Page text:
Another finding of our study was that the experimental group reported lower levels of both emotional and physical exhaustion after 8 weeks of using the app. This finding is particularly interesting, as different definitions of burnout all share exhaustion as a central component [35-38]. For instance, according to Schaufeli et al [38], burnout is conceptualized as a state of mental exhaustion, leading to both an inability and an unwillingness to act. Furthermore, in the process model of burnout, emotional exhaustion is one of the first symptoms to develop [39]. Dealing with stressors in everyday life can result in the depletion of cognitive and emotional resources, and these can cause exhaustion [40-42]. It is striking that the possible gain of the app may lie in reducing feelings of exhaustion in the broad sense. This might be related to the role mindfulness plays in autonomous self-regulation [43], which preserves vitality and energy [44]. Hence, a better spending and preservation of cognitive and emotional resources through increased self-regulation might have resulted in a reduction of physical and emotional exhaustion after 8 weeks. This finding is in line with other studies that reported that mindfulness interventions are related to a reduction of emotional exhaustion, both in health care professionals [45,46] and other employees [47]. However, when it comes to mobile mindfulness apps, to our best knowledge, only one previous study specifically reported on exhaustion outcomes. In this study, significant effects were found for reduced emotional exhaustion [48]. These findings might indicate that a mindfulness app has the potential to be used as preventive intervention for burnout in a nonclinical population.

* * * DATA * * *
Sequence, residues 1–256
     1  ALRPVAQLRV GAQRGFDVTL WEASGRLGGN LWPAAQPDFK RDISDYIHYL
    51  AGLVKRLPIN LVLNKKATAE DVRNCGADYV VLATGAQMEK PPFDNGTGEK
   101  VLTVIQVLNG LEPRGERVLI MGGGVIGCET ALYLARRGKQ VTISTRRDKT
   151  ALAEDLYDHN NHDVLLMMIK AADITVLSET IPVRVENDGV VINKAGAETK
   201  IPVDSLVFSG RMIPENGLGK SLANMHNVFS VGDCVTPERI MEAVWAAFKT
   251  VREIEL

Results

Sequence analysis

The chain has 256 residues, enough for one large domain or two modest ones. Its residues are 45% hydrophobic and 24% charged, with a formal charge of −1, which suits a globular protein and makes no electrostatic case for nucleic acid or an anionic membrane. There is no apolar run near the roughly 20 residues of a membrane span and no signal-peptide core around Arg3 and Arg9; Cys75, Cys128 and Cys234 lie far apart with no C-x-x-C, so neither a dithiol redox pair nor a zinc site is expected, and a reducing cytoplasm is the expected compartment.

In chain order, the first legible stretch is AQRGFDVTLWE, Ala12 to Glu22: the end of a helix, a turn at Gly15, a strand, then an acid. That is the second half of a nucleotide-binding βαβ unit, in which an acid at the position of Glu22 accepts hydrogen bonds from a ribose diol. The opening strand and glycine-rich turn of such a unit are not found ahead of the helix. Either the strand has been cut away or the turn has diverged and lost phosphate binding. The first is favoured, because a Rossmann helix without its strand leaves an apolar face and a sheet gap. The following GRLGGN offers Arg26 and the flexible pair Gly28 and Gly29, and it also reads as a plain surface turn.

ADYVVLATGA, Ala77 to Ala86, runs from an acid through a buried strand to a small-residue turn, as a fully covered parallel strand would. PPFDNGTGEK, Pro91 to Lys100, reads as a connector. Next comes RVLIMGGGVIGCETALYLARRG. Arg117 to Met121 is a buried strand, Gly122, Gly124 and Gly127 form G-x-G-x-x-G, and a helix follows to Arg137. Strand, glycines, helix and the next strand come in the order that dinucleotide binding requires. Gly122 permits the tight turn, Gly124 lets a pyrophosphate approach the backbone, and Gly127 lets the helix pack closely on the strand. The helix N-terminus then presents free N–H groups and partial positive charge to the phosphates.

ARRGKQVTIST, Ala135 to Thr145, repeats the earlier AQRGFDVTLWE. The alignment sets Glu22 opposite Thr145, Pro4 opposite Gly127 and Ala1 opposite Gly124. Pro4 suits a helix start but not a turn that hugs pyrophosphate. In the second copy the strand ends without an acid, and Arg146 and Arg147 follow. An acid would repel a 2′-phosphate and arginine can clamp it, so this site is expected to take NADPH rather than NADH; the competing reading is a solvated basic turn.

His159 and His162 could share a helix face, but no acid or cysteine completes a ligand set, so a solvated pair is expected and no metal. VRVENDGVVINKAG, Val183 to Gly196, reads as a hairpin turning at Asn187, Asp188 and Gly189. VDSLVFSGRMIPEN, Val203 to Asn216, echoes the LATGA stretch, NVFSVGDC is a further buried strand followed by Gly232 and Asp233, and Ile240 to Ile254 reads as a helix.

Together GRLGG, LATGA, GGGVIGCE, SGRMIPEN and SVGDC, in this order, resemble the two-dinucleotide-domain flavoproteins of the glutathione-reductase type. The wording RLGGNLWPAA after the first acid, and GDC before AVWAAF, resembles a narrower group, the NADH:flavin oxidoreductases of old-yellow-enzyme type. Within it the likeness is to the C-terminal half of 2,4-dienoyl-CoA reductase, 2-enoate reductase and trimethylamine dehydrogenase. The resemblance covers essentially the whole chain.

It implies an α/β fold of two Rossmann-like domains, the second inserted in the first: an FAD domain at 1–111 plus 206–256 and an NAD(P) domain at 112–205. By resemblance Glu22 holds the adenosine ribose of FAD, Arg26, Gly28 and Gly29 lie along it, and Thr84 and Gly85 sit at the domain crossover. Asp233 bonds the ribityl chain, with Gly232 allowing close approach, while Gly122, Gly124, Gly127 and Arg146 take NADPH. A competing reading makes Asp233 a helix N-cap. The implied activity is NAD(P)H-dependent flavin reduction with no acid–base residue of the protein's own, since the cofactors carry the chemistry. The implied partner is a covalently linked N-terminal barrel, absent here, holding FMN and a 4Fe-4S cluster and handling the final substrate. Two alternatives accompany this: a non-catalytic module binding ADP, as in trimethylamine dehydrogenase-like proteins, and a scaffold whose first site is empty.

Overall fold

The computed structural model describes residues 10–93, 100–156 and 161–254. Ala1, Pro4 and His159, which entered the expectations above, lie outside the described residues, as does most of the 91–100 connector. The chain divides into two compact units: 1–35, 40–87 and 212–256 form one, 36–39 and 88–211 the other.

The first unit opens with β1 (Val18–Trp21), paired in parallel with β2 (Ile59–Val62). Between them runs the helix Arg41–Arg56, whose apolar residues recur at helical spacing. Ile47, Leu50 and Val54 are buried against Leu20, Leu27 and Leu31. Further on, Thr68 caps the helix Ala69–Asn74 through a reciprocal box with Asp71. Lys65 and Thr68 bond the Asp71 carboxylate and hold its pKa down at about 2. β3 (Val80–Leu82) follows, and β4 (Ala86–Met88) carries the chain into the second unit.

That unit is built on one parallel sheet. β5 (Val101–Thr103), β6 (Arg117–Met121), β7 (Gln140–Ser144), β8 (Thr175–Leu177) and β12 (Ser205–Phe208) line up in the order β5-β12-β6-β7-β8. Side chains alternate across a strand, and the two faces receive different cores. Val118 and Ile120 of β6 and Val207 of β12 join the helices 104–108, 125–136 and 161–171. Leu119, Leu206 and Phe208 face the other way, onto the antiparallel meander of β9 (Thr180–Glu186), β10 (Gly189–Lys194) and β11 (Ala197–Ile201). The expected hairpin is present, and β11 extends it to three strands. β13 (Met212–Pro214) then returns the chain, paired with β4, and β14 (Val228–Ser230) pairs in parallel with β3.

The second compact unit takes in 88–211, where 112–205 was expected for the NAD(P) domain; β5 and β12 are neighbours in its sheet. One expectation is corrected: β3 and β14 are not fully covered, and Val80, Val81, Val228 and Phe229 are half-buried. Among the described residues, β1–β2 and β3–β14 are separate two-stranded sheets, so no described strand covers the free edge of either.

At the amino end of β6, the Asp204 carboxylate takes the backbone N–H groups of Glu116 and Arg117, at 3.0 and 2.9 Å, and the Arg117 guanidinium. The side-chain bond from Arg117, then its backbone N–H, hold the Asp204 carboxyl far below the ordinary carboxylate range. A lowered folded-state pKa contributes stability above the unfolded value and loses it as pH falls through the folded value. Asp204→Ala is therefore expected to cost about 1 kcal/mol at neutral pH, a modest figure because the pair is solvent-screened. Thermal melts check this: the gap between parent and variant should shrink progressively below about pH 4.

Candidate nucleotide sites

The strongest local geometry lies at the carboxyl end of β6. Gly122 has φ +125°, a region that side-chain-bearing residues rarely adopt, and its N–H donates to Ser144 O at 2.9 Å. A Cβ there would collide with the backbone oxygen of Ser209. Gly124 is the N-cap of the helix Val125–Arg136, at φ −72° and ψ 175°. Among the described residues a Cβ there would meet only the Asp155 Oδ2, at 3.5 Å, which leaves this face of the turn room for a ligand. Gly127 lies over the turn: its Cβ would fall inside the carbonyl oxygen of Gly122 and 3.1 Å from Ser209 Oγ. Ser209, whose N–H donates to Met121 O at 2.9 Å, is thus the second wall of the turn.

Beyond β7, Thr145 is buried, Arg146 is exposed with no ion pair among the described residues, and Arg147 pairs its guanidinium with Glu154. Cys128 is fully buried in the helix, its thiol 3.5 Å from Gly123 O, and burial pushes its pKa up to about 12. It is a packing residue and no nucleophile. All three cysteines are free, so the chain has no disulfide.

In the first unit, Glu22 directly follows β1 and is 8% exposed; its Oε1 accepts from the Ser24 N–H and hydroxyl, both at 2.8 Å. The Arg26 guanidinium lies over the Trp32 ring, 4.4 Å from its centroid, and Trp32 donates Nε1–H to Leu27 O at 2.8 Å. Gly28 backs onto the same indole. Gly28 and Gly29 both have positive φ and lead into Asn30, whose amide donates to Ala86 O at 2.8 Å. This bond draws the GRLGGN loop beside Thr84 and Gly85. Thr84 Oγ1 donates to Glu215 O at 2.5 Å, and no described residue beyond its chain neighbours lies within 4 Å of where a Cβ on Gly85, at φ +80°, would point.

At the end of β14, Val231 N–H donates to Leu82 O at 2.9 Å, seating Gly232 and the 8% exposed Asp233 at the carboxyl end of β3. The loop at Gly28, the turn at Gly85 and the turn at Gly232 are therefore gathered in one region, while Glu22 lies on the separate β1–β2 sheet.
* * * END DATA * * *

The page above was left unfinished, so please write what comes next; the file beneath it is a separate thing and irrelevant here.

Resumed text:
Clinical Implications and Directions for Future Research

Future research on the effects of mobile mindfulness apps on burnout is warranted. Given the long waiting lists for mental health care, an ideal setting for further testing this or other mobile mindfulness apps would be general practitioner clinics and mental health care institutions. That is, driven by these long waiting lists, it has become more common to offer patients bridge interventions with low personnel costs, including eHealth modules. This provides a great opportunity to implement a study design with conditions that vary in the amount and type of personal contact. Such a design could even be advanced by using randomization schemes that allow for including patient preferences with regard to these aspects. Next, given our findings that both mental and physical exhaustion decreased in the app user group, it would be of great interest to conduct frequent measures of individual stress and burnout symptoms with an experience sampling method [49]. This can help build general networks of how burnout symptoms develop and worsen over time [50]. By drawing on such data, future app-based interventions could be personalized to increase effectiveness. Building a user-friendly experience sampling method incorporated in the mindfulness app would then be the next challenge for app developers. In addition, build-in measures for actual time spent on practicing mindfulness exercises would also contribute to the field, as until now such data are limited [1]. Of course, such new features should first be subjected to acceptability and feasibility studies.